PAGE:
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Length 18.5 miles
Time 5 hours
Total Climb 2350 feet
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Annadel (Suggestion 1)


If the Peninsula has Skeggs Point and the South Bay has Henry Coe and Demo Forest, then the North Bay has Trione-Annadel State Park. In fact, there may be many who claim that Annadel is superior to all of those. Personal preferences aside, at least purely in terms of the technical nature of its trail network, I think I would have to agree. For advanced riders, this must easily rank among the top-tier ride options in the Bay Area.

There are no killer climbs at Annadel. Most of the slopes are of the kind that riders in good shape could cover at some speed. That doesn't necessarily imply that all of them can actually be ridden fast, but that usually has more to do with the technical nature of the climbs than their slope.

Make no mistake: The trails at Annadel are technical. In many places, very technical. The name of the game is "rocky". There are rock gardens galore, boulders to negotiate, and plenty of opportunities to go over the bars or damage your rear derailleur, if you're not careful. What's also true, however, is that, at least on this particular route, the trails are hardly "dangerous". Since there are few if any steep trails and hillsides, what awaits you past each technical obstacle is usually more or less level ground (where you can reasonably get your momentum under control), if not yet another set of rocks jutting out of the ground. For the same reason, none of the narrow stretches of hillside singletrack are particularly treacherous, because there is never a steep drop-off on the downhill side of the trail.

According to what I've read, there was a time when this park was an out-of-control mess of haphazard unsanctioned trails, some of which were good, but many badly built and deteriorating. Friction among advocates of hiking, biking, and equestrian interests was progressing along lines that are so familiar from other locations around the Bay Area. Then, some sort of a turning point was reached through diplomacy and, rather than fighting trail users, the Park Service decided to accommodate mixed trail use and an effort was started to adapt the better examples of the existing trails to official use, close the ones that are beyond redemption, and start on a path of enlightened trail construction and use that embraced all types of trail users. The result is the current network at Annadel adding up to about 35 miles of trails, most of which is singletrack—gorgeous, technical, juicy singletrack—, and almost all of which is open to biking. The trail network here is still slowly evolving. In time, you might find that some trails are closed, re-routed, or sanitized. But there should be little to worry about; given the current policy of the Park Service, it's equally expected that new and perhaps even better trails will keep being built in their place.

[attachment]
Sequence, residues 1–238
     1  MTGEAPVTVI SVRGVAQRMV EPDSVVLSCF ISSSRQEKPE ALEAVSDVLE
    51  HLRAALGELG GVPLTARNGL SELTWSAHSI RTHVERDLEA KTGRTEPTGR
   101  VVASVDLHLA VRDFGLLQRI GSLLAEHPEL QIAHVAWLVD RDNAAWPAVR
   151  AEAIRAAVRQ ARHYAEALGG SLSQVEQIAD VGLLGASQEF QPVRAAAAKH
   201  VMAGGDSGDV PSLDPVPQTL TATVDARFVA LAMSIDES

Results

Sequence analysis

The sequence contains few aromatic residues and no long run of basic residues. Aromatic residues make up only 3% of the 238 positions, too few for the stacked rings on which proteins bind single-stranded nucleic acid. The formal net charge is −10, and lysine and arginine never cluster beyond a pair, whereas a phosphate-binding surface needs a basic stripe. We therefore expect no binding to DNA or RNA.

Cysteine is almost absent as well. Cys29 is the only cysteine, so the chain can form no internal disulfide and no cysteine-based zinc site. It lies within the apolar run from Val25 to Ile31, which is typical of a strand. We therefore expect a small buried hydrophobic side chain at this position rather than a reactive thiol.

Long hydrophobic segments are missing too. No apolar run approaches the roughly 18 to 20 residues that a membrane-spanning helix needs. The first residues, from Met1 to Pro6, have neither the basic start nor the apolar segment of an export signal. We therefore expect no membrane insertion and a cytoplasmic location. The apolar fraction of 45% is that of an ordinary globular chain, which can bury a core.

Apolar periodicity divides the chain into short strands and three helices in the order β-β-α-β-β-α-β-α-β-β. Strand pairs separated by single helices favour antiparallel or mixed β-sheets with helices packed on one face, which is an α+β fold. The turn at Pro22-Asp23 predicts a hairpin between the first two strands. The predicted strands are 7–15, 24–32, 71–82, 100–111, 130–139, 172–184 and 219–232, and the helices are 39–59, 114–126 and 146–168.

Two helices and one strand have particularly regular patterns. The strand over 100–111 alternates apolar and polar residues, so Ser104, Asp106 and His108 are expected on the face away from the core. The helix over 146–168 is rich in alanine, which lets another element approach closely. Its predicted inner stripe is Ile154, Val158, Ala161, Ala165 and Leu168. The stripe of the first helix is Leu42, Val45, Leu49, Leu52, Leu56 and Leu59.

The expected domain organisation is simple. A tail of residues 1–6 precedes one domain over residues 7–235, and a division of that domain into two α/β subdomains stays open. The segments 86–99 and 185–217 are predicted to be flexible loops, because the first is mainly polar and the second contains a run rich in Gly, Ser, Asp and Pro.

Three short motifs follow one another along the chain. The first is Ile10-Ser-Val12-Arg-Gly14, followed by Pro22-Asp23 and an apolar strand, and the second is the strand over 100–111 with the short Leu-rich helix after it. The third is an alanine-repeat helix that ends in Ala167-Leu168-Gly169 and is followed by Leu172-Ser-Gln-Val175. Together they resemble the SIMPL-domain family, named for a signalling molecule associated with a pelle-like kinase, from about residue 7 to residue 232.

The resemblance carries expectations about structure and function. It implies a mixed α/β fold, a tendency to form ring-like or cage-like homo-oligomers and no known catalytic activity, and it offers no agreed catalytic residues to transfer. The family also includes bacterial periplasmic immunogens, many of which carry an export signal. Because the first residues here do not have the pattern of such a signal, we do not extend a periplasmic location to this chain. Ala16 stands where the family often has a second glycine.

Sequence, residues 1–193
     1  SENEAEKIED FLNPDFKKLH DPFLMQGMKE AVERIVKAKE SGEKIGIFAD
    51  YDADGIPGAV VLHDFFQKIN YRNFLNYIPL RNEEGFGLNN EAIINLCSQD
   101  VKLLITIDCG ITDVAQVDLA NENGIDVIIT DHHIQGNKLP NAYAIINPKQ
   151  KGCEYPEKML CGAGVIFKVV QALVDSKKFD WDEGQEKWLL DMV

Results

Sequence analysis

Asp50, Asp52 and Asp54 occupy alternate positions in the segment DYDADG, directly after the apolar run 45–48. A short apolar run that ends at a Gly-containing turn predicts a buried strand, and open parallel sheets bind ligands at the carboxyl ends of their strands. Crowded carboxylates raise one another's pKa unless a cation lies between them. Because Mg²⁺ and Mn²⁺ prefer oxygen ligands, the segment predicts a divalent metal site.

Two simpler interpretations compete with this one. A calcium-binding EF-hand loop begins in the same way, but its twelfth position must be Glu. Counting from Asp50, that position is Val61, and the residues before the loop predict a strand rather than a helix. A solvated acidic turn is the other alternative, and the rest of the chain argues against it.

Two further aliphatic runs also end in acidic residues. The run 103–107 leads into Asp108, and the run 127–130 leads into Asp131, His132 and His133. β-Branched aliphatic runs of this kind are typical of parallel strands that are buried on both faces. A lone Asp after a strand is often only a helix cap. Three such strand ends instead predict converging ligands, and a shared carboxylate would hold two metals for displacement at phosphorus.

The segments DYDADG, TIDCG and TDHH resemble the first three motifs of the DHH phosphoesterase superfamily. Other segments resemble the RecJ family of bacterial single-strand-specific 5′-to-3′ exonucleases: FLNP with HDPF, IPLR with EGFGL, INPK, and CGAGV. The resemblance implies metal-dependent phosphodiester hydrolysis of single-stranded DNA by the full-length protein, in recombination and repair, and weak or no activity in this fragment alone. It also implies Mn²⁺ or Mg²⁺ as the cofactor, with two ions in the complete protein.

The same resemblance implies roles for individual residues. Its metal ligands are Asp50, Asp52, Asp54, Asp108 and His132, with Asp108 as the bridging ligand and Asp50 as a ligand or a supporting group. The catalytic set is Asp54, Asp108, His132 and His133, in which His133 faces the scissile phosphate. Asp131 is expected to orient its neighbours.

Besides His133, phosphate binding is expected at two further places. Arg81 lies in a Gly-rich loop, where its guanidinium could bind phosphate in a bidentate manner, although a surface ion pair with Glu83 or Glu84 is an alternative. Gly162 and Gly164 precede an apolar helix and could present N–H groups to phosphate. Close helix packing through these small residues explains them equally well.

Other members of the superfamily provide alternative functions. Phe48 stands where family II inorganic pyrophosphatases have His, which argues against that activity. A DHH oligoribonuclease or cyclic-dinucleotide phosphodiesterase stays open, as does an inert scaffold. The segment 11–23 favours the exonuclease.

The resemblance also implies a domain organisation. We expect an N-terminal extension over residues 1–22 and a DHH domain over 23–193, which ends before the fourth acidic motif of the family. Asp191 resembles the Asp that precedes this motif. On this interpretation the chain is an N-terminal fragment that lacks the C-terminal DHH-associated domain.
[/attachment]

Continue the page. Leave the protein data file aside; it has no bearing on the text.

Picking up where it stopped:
Trail intersections at Annadel are marked well. There are still some illegitimate trails. A reliable rule of thumb is, "if a trail here is unsigned, it's unsanctioned." And considering the history of trail use in this park and the inclusive, forward-looking trail use policy currently being followed, if you ride any of the unsanctioned trails, you'd be doing a disservice not only to yourself but to all mountain bikers in this area, because you'd be sabotaging such a wonderful working example of bike-legal trail use.

Parking is subject to a fee at Annadel State Park if you park somewhere past the entrance booth. This ride happens to start at a trailhead that's before that, so you won't have to pay if you find parking available at the suggested parking area right at this trailhead.


This ride strings together several of the notable trails in the park, like Ridge, Marsh, and South Burma; although, it seems like you can hardly go wrong with any of the singletrack trails in the park. The route is a long one, especially taking into account how much you'll be struggling with technical patches over many trails. However, the ride follows a very "elongated" loop shape, allowing multiple opportunities to shorten it via shortcuts. Feel free to examine the park map to make whatever routing changes may suit you. You'd be hard pressed to pick a route that would result in a bad ride.